Bedside manners: Can empathic communication be taught?
Network - Fall 2012
Walter Baile, M.D., remembers the moment he discovered his passion.
“A patient with metastatic breast cancer came to my clinic for counseling. She’d recently been told by her physician that her cancer had recurred. When she got this news, she was understandably upset and began to cry.
“She said he told her that if she didn’t stop crying, he’d leave the room,” Baile, professor in the Department of Behavioral Science, recalls with amazement.
As a psychiatrist treating cancer patients, he’d heard many stories from distraught patients about physicians who’d told them in blunt terms that further treatment would be futile.
“Some just told them it was the end of the line, or to get their affairs in order. One doctor told a patient that he wouldn’t touch his case ‘with a 10-foot pole.’” So Baile decided to do something about it. He began to design a training course for physicians and health care professionals to help them communicate more compassionately and effectively with patients.
‘A different set of skills’Called Interpersonal Communication and Relationship Enhancement — I*CARE for short — the program provides guidelines and video demonstrations for medical professionals on how to empathize with patients and caregivers and communicate with honesty and concern.
In medical school, physicians are taught a set of specialized skills focused on treating the disease, Baile says.
“But, today more than ever, a different set of skills is required. Physicians need to know how to get into the shoes of the patient. Because so many cancers are treatable, patients have many other concerns than dying.”
Some of these are side effects, the impact of the cancer on the family, the ability (or inability) to work and the fear of recurrence.
“When doctors need to deliver bad news, it’s important for patients to feel supported. Physicians must acknowledge the feelings the patient is experiencing, and listening is an important first step,” Baile says.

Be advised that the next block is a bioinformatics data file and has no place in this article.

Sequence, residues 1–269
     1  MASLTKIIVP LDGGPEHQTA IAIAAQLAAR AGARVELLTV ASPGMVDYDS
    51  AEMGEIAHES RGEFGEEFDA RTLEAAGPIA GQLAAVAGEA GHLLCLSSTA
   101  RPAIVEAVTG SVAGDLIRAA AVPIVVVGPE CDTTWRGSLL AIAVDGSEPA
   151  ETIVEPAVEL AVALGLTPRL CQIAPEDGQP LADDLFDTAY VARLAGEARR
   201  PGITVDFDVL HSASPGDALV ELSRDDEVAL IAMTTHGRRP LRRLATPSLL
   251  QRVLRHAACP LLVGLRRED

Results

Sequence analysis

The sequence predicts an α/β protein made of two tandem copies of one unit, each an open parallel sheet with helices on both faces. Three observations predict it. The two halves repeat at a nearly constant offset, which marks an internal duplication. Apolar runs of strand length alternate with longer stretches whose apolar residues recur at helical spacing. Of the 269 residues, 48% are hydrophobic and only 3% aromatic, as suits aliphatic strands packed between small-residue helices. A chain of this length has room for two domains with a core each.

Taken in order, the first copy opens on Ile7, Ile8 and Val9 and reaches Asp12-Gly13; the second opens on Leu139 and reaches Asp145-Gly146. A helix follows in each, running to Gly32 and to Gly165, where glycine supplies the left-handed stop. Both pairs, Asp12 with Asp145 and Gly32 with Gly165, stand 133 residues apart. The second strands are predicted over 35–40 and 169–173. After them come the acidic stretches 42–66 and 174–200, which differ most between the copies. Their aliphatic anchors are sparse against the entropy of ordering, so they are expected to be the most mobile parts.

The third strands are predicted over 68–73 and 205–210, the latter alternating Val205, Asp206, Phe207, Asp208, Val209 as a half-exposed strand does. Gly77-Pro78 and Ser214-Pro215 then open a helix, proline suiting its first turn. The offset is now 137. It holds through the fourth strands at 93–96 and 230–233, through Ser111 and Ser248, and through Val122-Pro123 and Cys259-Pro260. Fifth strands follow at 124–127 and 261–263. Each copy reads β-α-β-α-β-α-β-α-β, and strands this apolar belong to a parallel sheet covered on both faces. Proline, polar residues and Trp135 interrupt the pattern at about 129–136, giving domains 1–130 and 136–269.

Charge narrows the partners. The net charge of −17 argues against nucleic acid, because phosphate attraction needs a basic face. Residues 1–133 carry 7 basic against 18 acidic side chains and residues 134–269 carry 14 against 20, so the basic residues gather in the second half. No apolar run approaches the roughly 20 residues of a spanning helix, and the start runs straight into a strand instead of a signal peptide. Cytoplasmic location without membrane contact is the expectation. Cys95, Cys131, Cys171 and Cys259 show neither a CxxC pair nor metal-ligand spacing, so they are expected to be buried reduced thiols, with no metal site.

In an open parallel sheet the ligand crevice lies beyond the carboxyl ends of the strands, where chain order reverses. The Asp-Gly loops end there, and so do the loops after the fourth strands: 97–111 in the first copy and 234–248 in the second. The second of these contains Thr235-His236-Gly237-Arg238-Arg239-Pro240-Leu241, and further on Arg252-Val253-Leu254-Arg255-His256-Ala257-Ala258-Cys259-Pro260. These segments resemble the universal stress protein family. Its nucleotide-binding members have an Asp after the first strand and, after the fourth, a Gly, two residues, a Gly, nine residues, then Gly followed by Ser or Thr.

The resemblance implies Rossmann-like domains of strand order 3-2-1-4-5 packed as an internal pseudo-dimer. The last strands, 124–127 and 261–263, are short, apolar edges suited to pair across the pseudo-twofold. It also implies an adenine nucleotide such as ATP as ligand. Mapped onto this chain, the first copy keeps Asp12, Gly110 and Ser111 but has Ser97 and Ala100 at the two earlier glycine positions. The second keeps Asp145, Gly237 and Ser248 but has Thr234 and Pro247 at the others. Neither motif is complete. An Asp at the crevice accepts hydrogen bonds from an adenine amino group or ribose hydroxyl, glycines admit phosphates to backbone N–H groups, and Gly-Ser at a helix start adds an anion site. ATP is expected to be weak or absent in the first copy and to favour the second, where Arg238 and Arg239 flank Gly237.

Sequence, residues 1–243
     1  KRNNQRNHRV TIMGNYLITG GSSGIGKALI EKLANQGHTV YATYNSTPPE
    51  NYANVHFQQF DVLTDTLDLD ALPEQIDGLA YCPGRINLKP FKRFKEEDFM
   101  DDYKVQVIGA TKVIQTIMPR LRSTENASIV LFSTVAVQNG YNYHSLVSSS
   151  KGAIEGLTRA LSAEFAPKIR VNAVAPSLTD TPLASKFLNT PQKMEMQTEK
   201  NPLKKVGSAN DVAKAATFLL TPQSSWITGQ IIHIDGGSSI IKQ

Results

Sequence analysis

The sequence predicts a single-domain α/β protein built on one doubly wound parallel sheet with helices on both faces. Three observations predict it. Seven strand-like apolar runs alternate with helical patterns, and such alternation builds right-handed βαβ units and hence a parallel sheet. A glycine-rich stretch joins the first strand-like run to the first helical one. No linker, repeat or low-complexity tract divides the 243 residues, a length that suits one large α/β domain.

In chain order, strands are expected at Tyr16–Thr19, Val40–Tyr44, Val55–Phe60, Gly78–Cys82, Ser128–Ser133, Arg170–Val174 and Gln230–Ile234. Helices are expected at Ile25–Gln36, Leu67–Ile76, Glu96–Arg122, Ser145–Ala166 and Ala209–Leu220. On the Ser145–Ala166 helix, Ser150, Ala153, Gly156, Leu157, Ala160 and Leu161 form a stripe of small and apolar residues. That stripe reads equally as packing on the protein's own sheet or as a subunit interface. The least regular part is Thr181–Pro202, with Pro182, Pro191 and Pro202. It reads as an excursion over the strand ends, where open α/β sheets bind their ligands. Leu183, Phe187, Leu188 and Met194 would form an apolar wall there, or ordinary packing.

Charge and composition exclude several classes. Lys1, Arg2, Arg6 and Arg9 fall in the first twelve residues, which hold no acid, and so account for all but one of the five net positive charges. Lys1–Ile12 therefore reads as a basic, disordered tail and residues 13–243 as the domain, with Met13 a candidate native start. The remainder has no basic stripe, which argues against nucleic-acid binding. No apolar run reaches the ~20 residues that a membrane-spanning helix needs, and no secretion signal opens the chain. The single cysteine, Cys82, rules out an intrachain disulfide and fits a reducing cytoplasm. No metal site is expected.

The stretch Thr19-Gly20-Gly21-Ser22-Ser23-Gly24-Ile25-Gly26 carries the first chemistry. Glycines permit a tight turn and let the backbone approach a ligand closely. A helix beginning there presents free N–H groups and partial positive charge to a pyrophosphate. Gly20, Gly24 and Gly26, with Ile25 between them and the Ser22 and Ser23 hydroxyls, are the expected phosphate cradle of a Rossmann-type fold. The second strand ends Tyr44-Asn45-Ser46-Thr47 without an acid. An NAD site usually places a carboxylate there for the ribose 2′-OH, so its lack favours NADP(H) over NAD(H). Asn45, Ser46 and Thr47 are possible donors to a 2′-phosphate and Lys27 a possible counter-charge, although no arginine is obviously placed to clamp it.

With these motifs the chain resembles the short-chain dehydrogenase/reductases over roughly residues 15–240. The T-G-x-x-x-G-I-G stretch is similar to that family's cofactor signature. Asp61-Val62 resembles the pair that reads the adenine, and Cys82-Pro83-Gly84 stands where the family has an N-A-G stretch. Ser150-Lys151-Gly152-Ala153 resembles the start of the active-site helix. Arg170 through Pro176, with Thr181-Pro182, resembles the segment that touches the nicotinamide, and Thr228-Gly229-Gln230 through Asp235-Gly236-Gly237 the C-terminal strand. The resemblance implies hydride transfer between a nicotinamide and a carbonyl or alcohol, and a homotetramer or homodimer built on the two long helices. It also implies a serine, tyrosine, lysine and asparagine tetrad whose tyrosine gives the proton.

A fundamental goal of the program is to strengthen relationships between patients and physicians. Establishing trust early by listening and conveying empathy is essential and will sustain the patient and family when things aren’t going well — for example, the disease has recurred or progressed, side effects are worsening or chemotherapy or targeted therapies aren’t working.
A resource for medical staff, volunteers, patientsThe I*CARE team has conducted workshops for more than 1,000 oncology care providers at MD Anderson and beyond. It breaks down communication into specific skills applicable to physicians, physician assistants, nurses, patient advocates, chaplains, patient volunteers and others.
Today, the program’s website is a rich resource for clinicians all over the world. A video series called the MD Anderson Library of Clinical Communications Skills covers the fundamental principles of communication and such topics as acknowledging emotions, breaking bad news,transition to palliative care, end-of-life care, disclosing medical errors and additional difficult conversations that occur when someone has a life-threatening illness.
The videos feature experts from universities and medical schools all over the United States and in several other countries. However, while videos and explanations can provide guidelines, hands-on instruction through interactive workshops can lead to more sustainable acquisition of these skills.
So the I*CARE team provides custom workshops for internal and external audiences, such as the one Baile’s team developed for MD Anderson’s Department of Volunteer Services. It trains volunteers and the supervisors who manage them, says Mary Donnelly Jackson, program manager in the department.
Baile worked with Jackson and Jacquié Frelow, volunteer coordinator, to create a workshop for volunteers who interact with patients and families going through emotional crises.
Jackson also uses the I*CARE videos as continuing education tools for volunteers who must complete annual training modules. The videos have helped them sharpen crucial skills in assisting patients in distress without overstepping boundaries.
“Working with Dr. Baile and the I*CARE team has been a great experience,” Jackson says. “The response from volunteers is so positive. They’re so impressed with the quality of the videos that we’re offering them year-round now.”
Baile says it’s been heartening to see the program’s growth and success. “I’ve taught courses in Italy, Germany, Japan and Portugal,” he says. “Except for some cultural differences, health care professionals around the globe face similar communication challenges.
“At one time we withheld the truth about the disease from cancer patients. Now, however, the question has become not ‘whether to tell,’ but ‘how to tell and support the patient and family.’”
I*CARE also has resources for patients, survivors and caregivers. “Talking About the Side Effects of Cancer” (see Resources) offers an expert perspective on why it’s important to report side effects and how best to discuss them with your doctor.
Did you talk to your doctor about side effects (fatigue, nausea, pain) you experienced during treatment? (select only one)